By Jonathan Charnitski and Rahul Gaitonde
WASHINGTON March 23, 2011 – Broadband voice company, Bandwidth.com, unveiled Monday a nationwide map that displays availability and pricing data for business broadband connections, building on information from the National Telecommunications Information Administration’s national broadband map.
The map is available at Broadband.com.
The Broadband.com map provides information directed at businesses rather than consumers. Consequently, the map only offers data on high-speed networks, such as T1 and Gigabit Ethernet, though the company is currently working on collecting data on cable and 4G connections. In contrast, the NTIA broadband map provides data only on the broadband networks available in a specific area.
Fifteen major internet service providers (ISPs), the national broadband map and Ookla’s netindex.com – which compiles national and global connection data – provided the data from which Broadband.com built its map.
The map does not currently include data for residential connections, but Bandwidth.com Vice President of Internet Services, Joe Merrill, said Tuesday that the company plans to include residential information, including cable and 4G, sometime in the coming months.
Merrill also said that the company has signed an agreement with Sprint to add its high speed mobile network information to the map and anticipates working with Verizon and AT&T to obtain their network footprint information.
“We want to do for broadband what Expedia did for hotels and airline tickets,” Merrill said. “There should be a way to give consumers leverage with the carriers, otherwise they’re at the carriers’ mercy; we want to open up the black box of telecom.”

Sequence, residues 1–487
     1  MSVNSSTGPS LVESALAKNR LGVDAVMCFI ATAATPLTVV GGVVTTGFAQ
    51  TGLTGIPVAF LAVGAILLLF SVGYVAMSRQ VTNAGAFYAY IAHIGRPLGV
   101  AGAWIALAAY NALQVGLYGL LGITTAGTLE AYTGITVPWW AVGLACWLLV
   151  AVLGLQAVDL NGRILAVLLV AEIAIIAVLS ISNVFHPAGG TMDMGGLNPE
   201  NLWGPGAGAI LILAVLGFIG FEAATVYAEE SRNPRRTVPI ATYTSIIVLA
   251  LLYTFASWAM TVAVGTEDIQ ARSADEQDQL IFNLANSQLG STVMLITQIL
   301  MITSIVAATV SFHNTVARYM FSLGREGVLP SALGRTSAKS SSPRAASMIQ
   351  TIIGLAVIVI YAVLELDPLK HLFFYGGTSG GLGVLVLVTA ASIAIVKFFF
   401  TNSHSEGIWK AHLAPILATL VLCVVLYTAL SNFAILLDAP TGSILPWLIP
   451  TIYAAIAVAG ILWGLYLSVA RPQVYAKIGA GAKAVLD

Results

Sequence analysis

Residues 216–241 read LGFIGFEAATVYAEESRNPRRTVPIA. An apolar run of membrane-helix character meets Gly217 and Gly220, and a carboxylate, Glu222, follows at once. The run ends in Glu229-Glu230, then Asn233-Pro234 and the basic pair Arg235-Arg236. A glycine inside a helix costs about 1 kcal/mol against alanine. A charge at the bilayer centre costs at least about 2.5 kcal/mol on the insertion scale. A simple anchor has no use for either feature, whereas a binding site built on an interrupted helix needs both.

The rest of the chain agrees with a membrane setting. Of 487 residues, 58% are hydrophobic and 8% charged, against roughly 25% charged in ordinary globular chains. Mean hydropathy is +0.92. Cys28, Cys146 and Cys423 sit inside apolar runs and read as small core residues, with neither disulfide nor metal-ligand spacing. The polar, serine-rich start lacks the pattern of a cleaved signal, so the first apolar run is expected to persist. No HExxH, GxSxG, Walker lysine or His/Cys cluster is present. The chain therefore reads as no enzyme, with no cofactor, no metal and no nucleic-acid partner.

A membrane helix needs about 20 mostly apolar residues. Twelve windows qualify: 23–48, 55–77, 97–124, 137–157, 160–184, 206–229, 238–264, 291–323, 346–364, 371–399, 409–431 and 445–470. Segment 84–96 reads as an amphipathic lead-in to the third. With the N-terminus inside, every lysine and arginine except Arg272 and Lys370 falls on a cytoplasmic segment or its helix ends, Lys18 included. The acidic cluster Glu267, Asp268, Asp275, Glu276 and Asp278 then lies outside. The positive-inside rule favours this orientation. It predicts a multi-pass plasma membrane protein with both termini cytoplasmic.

Researchers in the field have criticized the national broadband map for not including pricing data. Anne Neville, Director at the National Broadband Mapping Program has said
Broadband.com obtains their pricing data directly from the ISPs and will update their map regularly as they obtain new pricing and speed data. The NTIA however has said that the national map will only be updated twice annually.
The NTIA provides users with the ability to download all of the 25 million pieces of data that comprise the map to facilitate the creation of new applications such as the Broadband.com map. The NTIA also includes information about how to access and use the Application Programming Interface (API), which is the standard set of programming instructions used to interact with the data on the broadband map website.
Broadband.com is one of the first attempts to commercialize the data gathered by the NTIA.
Ookla Has Verizon as Fastest Q1 Fixed Provider, T-Mobile Takes Top Spot for Mobile
T-Mobile was also named the most consistent mobile operator and topped 5G download speeds.
WASHINGTON, April 18, 2022 – A market report released Friday by performance metrics web service Ookla named Verizon the fastest fixed broadband provider in the U.S. during the first quarter of 2022, and T-Mobile as the fastest mobile operator during the same period.
Verizon had a median download speed of 184.36 Mbps, edging out Comcast Xfinity’s speed of 179.12 Mbps. T-Mobile’s median mobile speed was 117.83 Mbps.
Verizon had the lowest latency of all providers, according to Ookla, well ahead of Xfinity’s fourth place ranking, yet sat at third for consistency behind both Xfinity and Spectrum.
T-Mobile was also the most consistent mobile operator during the first quarter, achieving an Ookla consistency score of 88.3 percent, which along with median download speed represented an increase from the fourth quarter of 2021.
The company also achieved the fastest median 5G download speed, coming in at 191.12 Mbps.
Verizon also notably increased its 5G download speed from its Q4 metric, attributed in part to the turning on of new C-band spectrum in January following deployment delays and protest from airlines. For mobile speeds, it stood in second behind T-Mobile, bumping AT&T to a standing of third. These rankings were the same for mobile measures of latency and consistency.
Yet on 5G availability, AT&T remains ahead of Verizon.
The Samsung Galaxy S22 Ultra came in as the fastest popular device in the country, running at 116.33 Mbps.
Ookla is a sponsor of Broadband Breakfast.